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Saturday, May 28, 2011

Note (116.) to "History of the 'Christian' Trinity - HIST)"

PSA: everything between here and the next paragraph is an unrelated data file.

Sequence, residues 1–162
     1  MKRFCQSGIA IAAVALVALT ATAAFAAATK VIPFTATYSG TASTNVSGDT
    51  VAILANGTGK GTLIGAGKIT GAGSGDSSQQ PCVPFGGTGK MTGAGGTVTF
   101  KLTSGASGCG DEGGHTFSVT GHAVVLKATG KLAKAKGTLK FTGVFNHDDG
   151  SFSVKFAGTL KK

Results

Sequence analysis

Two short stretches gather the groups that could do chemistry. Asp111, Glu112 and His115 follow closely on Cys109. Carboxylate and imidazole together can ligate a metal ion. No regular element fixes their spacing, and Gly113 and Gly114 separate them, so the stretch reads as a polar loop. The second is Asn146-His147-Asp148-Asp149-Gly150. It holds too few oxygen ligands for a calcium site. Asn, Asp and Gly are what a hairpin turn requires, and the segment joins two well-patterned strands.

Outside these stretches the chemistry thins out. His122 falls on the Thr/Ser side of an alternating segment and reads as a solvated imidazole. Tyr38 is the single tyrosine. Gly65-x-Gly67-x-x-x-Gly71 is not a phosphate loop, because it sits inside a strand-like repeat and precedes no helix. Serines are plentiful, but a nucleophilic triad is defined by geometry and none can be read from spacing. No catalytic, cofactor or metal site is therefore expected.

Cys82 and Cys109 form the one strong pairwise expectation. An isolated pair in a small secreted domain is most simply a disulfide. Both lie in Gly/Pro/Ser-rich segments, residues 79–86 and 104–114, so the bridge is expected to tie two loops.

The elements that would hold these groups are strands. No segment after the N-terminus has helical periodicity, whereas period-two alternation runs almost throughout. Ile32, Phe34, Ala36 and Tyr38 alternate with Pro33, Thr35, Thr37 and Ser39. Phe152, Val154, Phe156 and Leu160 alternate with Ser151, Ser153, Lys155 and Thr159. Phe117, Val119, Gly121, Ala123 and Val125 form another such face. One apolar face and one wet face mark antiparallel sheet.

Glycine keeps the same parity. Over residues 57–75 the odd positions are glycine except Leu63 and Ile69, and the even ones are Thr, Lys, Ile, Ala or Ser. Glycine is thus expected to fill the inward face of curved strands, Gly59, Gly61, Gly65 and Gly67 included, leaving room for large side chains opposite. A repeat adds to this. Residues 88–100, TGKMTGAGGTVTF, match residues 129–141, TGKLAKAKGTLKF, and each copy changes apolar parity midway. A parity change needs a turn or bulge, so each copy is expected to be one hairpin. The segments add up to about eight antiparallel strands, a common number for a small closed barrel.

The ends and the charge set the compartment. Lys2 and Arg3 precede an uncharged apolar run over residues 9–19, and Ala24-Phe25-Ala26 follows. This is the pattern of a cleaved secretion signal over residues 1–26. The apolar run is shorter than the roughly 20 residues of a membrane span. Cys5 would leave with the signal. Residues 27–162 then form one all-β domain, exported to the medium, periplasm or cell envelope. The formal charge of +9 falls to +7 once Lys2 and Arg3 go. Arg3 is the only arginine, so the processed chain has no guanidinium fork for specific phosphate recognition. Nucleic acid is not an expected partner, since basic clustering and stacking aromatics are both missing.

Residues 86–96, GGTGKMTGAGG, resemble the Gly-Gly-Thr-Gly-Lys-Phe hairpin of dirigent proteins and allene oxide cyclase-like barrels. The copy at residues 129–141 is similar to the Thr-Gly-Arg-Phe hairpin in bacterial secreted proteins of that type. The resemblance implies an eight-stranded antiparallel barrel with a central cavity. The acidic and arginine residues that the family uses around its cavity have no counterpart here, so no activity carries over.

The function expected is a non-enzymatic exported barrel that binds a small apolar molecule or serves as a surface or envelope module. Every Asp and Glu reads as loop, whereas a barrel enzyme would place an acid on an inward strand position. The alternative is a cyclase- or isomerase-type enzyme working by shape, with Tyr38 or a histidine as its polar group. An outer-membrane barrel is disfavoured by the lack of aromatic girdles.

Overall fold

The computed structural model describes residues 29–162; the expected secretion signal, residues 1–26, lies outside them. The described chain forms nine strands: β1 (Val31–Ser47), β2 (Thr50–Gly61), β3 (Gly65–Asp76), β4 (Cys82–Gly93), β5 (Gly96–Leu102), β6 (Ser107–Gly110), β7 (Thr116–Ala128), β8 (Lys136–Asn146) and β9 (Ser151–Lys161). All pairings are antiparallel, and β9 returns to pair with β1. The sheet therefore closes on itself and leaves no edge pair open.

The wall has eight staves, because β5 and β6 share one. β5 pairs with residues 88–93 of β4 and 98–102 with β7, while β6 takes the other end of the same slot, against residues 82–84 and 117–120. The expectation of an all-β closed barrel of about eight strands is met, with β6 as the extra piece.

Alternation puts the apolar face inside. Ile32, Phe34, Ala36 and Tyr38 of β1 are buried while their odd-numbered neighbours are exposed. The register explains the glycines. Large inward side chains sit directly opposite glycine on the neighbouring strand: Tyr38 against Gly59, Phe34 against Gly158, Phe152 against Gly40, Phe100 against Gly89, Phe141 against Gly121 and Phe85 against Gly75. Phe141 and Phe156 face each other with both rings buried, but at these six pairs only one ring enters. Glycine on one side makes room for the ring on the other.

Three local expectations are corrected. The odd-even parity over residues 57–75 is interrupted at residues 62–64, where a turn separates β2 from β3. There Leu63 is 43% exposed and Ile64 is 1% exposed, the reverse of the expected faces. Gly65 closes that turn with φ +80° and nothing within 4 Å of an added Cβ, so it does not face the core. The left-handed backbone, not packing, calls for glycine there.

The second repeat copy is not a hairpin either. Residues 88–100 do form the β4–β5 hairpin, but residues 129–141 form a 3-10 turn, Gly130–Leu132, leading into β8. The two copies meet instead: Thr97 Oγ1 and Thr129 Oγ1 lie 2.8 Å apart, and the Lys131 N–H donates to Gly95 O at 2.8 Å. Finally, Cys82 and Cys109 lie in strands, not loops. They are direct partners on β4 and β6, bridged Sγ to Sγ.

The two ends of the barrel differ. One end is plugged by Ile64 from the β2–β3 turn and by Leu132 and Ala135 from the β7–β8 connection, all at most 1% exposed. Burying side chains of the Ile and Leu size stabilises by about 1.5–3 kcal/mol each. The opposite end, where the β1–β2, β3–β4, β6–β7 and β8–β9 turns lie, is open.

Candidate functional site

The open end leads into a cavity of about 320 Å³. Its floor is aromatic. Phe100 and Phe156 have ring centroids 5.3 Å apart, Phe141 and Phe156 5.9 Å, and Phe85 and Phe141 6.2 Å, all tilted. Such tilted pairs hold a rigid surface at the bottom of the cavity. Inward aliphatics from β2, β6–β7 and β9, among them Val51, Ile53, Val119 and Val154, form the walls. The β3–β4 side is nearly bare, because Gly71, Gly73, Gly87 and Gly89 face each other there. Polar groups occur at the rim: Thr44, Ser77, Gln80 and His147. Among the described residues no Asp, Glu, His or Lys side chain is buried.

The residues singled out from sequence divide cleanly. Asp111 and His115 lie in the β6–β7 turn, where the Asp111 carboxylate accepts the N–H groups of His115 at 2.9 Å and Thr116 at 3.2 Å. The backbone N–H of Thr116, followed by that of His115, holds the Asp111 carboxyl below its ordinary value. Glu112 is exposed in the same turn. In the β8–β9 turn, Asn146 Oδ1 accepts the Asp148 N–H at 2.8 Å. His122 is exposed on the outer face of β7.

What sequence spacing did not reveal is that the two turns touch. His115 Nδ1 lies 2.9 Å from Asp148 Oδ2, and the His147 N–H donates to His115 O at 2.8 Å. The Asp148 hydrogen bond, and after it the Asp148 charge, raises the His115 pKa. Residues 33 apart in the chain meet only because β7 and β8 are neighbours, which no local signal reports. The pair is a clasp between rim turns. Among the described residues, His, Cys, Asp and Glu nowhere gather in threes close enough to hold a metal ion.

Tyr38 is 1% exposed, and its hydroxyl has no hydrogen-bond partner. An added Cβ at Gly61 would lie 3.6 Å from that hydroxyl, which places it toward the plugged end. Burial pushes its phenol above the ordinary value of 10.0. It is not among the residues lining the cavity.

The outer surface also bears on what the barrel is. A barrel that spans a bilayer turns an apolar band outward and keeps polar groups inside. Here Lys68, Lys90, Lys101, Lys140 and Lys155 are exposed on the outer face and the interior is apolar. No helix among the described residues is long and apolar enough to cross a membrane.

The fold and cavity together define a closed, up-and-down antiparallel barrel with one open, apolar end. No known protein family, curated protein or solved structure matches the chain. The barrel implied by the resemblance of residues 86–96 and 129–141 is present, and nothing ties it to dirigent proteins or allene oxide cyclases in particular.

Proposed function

116. "[The] majority eventually acquiesced in the ruling of the Alexandrians [trinitarians]; yet this result was due ... partly to the pressure of the imperial will. .... We are compelled to the conclusion that in this point, the voting was no criterion of the inward convictions of the council. Accordingly [?] that the Caesarean creed should be modified by the insertion of the Alexandrian [Constantine-proposed trinitarian] passwords ... and by the deletion of certain portions. That he appreciated the import of these alterations, or realized that his revision was virtually the proclamation of a new doctrine [Trinity], is scarcely probable. The creed thus evolved by an artificial unity was no ratification of peace: in fact, it paved the way for a struggle which convulsed the whole empire. For it was the proclamation of the Nicene Creed that first opened the eyes of many bishops to the significance of the problem there treated; and its explanation led the Church to force herself ... into compliance with those principles, annunciated at Nicaea, to which in the year 325, she had pledged herself without genuine assent." - Encyclopedia Britannica, pp. 410-411, v. 16, 14th ed.

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